Terra said...

Salvatore - Take your point about mass timing/availability and children's behaviour (speaking from experience, even adults flag somewhat at a very long Mass over the lunch hour).

Indeed, even the low Mass mentioned in my post ran for an hour, a long time for a child to cope with almost complete silence (apart from readings/sermon) which may be another reason for their absence these days. While the thirty minute Sunday masses (including 10-15 min sermon) my mother remembers growing up might have been excessively short, there is surely a happy medium!

On the Sunday school thing, learning by example is surely the hard way of doing it - certainly children should be given some chance to absorb from example, but a little supplemental instruction surely does not go astray.

A Canberra Observer said...

Alas, I am still misunderstood.

My sentiment was that I suspect having activities for some of the 'faith community' (geographic or otherwise) conducted in parallel (and therefore potentially in opposition) to the celebration of Mass, of whatever form or rite.

I was not making any comment on the novus ordo missae but simply an observation that the children's parallel activities has been trialled since the introduction of said form. I argue no causal nexus with the ritual.

Pax et bonum

A Canberra Observer said...

P.S.

My comment on the sermon was acidic - if 'stock' is to be 'invested' in the sermon, one hopes that the sermon will be such to deliver a return, and not only for all.

It seems rare in my (own) experience of trad Masses to have a sermon with even an element directed to the children, or the youth (even on occasions such as First Holy Communion and Confirmation). I find that odd.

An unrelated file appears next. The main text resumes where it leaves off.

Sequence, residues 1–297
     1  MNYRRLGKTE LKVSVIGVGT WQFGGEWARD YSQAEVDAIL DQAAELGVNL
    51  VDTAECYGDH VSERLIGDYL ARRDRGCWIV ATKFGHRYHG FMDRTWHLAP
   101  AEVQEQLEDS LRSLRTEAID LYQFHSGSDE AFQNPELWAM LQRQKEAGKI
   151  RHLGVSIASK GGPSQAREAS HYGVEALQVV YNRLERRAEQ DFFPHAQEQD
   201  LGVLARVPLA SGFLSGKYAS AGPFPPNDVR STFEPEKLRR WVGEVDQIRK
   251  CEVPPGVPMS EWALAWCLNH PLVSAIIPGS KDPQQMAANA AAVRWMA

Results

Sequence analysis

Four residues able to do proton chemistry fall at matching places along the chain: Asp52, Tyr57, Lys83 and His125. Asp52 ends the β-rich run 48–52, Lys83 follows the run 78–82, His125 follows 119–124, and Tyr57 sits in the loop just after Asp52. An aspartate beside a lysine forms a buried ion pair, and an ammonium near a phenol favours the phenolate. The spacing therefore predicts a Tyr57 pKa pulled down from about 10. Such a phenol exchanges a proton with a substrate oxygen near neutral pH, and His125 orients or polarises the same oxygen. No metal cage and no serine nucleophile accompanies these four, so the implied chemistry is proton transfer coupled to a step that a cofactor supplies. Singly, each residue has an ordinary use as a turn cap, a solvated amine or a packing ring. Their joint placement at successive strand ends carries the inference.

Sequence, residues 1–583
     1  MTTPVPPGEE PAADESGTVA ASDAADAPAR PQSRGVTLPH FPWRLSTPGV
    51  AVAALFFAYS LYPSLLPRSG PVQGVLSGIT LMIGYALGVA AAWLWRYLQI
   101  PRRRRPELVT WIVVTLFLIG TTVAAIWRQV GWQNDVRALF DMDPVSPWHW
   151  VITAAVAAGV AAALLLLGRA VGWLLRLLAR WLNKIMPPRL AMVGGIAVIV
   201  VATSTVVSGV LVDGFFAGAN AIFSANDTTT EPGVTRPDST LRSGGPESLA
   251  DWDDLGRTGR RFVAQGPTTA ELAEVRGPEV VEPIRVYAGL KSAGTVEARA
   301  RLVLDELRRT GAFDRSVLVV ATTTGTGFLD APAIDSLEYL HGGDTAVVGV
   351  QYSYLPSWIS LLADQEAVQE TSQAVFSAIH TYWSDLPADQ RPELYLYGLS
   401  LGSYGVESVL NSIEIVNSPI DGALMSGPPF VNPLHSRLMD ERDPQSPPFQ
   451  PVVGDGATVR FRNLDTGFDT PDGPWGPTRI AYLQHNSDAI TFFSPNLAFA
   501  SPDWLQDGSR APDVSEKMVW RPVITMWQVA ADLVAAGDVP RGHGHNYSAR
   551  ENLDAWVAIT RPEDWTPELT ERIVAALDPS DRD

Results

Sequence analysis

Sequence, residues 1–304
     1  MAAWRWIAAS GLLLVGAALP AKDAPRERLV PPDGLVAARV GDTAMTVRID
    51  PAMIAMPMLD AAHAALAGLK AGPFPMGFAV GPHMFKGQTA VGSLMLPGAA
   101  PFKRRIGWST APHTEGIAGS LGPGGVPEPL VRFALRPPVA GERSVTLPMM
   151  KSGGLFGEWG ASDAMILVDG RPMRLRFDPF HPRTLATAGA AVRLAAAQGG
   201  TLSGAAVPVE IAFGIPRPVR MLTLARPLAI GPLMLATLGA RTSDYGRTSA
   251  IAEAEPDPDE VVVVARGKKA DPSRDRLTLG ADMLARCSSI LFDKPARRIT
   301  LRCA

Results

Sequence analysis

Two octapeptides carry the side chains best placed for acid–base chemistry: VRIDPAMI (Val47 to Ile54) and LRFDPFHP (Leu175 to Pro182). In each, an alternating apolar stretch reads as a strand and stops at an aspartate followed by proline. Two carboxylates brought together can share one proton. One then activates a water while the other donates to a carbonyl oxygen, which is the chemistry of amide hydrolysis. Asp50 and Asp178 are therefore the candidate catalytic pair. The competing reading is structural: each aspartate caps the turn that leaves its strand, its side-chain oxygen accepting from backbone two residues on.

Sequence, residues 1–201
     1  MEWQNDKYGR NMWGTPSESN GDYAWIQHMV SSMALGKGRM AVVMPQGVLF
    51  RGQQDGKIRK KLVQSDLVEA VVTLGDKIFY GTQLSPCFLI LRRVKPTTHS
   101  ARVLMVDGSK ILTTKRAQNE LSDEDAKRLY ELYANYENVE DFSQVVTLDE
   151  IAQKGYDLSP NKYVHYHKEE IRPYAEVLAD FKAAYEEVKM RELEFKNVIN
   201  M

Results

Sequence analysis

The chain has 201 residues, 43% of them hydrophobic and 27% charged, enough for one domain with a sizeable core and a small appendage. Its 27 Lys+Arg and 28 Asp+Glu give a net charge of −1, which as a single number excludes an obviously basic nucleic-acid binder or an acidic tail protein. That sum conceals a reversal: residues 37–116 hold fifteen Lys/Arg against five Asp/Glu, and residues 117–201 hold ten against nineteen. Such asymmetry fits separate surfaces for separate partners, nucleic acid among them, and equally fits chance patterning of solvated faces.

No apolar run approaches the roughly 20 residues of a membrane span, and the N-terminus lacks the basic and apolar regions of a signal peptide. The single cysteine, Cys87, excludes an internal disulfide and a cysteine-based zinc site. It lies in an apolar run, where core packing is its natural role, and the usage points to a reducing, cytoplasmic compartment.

I would give great praise to Fr John Rizzo FSSP in this regard - almost every sermon I have heard him give when children are present directed some of his comments to them.

Andrea said...

Perhaps catechesis outside of Mass, about the Mass, would help children (and adults) to appreciate the Mass more. In my experience, few of the parents, let alone the children, understand what the Mass is about, and I have heard precious few sermons which address this.
The Catechisis of the Good Shepherd is a weekly program for children aged 3-12, which is based in Scripture and Liturgy. One of the first works the children are shown, at the age of 3, gives them the names of all the things a priest uses on the altar. Parents could be encouraged to have their children attend programs such as this.

Mother of Ten Practicing Catholics said...

There may be an issue of lack of discipline at play here. Today's generation of children are often outspoken, over confident and sometimes disrespectful and this is a modern trend appearing in all quarters of society so of course it will appear at Mass too, but...
The crux of the matter is this statement from Terra...

"I have very strong, golden memories of going to Mass myself with my mother as a very young child, and sometimes wonder if perhaps I wouldn't be a practicing catholic today without those memories. "

Children learn as they live. Taking them to Mass is vital to their Catholic upbringing regardless of the attitude of some 'childless' members of the congregation.
Good grief! Surely we would prefer hear the noise of the 'future of the church' than some of the boring empty homilies I have had to endure! We have our Missals...we can read the Gospel and follow the Mass and rejoice at the possibility that the Holy Sacrifice of the Mass is not only supported by the childless and elderly and that it does indeed have a future.

Andrea said...

Mother of 10, I agree with you in the main, except that some parents use sentiments such as expressed in your last paragraph as an excuse for inappropriate behaviour.

Terra, I can't help but feel that the "children's liturgy" is yet another example of the parents handing over their responsibility for educating their children, and having "time to themselves".

Terra said...

Mother of Ten - I have to admit though that my childhood memories probably gained disproportinate importance because at the age of 6 I was sent off to protestant Sunday school classes instead of Mass, and only rediscovered the church as an adult.

Andrea - I am ambivalent about this, but parents have to delegate some things - and is it really so bad to have some time to yourselves? My only issue is the importance of a relatively undisturbed mass.